After two weeks of talks in Montreal, the 15th UN Biodiversity Conference (COP 15) concluded with a historic deal to protect life on Earth. The key decision made was a commitment to protect 30% of the planet by the end of the decade.
“Historic” deal at COP 15
Intense negotiations came to an end on Monday morning, with the creation of the Kunming-Montreal Biodiversity Framework. Despite delays and a last minute objection from the Democratic Republic of Congo (DRC) in regards to funding for developing countries, ministers passed the framework with rapturous applause. This deal is significant, with some comparing it to the 2015 Paris agreement.
The key component of the framework was the so-called 30*30 pledge. This pledge commits to protecting 30% of the planet, including land and water, by 2030. Despite some proposals to weaken protections, scores of nations were quick to push for its maintenance. Other important points in the deal included the preservation and restoration of ecosystems. The “sustainable use” of biodiversity (ensuring humans can continue enjoying ecosystem services) and a guarantee that natural resources and their benefits are shared evenly and fairly while protecting indigenous rights were also included.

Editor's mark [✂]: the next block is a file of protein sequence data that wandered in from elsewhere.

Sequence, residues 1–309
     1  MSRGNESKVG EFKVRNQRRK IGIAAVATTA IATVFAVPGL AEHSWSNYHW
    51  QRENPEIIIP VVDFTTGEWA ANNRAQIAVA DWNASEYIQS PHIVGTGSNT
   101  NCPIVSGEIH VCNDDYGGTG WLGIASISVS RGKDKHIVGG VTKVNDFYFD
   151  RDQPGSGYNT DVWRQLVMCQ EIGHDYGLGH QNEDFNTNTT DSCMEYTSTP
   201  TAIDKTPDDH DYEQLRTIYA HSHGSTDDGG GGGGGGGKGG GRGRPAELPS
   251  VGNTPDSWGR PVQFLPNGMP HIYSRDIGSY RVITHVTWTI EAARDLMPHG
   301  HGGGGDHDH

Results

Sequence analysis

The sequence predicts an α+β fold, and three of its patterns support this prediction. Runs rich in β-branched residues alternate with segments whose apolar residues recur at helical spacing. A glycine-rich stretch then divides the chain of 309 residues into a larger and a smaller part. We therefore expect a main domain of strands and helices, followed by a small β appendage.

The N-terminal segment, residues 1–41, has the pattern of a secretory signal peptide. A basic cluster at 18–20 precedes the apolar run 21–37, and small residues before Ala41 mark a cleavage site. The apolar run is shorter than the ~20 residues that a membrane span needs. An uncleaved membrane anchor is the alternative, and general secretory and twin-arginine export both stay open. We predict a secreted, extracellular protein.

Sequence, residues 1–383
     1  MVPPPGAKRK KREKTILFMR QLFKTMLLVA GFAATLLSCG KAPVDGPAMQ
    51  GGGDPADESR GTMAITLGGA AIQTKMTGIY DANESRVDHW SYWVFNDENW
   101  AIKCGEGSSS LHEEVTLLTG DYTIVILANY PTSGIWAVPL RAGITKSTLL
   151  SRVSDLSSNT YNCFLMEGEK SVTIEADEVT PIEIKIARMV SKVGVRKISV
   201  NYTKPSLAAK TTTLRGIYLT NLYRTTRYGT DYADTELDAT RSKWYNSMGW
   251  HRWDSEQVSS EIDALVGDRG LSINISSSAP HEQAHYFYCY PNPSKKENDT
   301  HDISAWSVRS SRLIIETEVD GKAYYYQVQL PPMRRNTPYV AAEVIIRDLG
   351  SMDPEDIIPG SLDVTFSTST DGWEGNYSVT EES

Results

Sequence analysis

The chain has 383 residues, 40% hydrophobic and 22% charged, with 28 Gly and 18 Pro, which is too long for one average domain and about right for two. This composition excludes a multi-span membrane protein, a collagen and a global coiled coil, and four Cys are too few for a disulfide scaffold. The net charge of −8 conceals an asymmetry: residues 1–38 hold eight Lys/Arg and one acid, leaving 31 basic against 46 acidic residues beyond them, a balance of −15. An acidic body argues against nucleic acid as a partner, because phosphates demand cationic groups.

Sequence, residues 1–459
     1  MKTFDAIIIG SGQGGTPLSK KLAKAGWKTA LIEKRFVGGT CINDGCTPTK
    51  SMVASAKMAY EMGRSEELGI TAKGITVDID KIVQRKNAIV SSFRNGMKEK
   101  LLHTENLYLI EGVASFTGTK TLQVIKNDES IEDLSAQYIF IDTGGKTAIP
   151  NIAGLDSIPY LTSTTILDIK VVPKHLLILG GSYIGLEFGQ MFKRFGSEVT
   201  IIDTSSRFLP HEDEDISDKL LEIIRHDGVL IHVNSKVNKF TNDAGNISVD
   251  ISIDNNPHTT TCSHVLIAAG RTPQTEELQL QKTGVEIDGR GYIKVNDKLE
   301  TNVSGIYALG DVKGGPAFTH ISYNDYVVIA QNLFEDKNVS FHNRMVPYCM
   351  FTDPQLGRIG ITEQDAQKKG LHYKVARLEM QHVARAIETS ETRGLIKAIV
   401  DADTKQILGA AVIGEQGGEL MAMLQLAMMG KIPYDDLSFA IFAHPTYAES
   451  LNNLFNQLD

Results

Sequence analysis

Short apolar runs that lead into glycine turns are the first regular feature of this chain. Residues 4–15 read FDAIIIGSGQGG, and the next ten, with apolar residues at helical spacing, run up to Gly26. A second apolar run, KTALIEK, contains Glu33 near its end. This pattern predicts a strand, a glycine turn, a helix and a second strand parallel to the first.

“Last chance” for Planet’s nature?
As with many UN environmental resolutions, agreements on funding was an issue at the summit. The DRC did not back the deal as representatives felt there was not enough support to finance it from developed countries. Many countries in the Global South, including the DRC, harbour biodiversity hotspots, but lack the resources to sufficiently protect them from exploitation. A proposed fund for protecting biodiversity was also rejected by the assembly.
Many experts saw COP 15 as a “last chance” to safeguard global biodiversity. And although nations jointly committed to protecting nature by the end, there were divisions over ambitions of the deal. Many key figures in conservation found the deal was a compromise and should have gone further to prevent biodiversity loss. Considering the rate of ecosystem destruction and connected issues such as climate migration and zoonotic disease spillover, the world needs bold and rapid action. However, most scientists can agree that COP 15 was a success, despite the need to do more.
For far too long humanity has paved over, fragmented, over-extracted and destroyed the natural world on which we all depend. Now is our chance to shore up and strengthen the web of life, so it can carry the full weight of generations to come.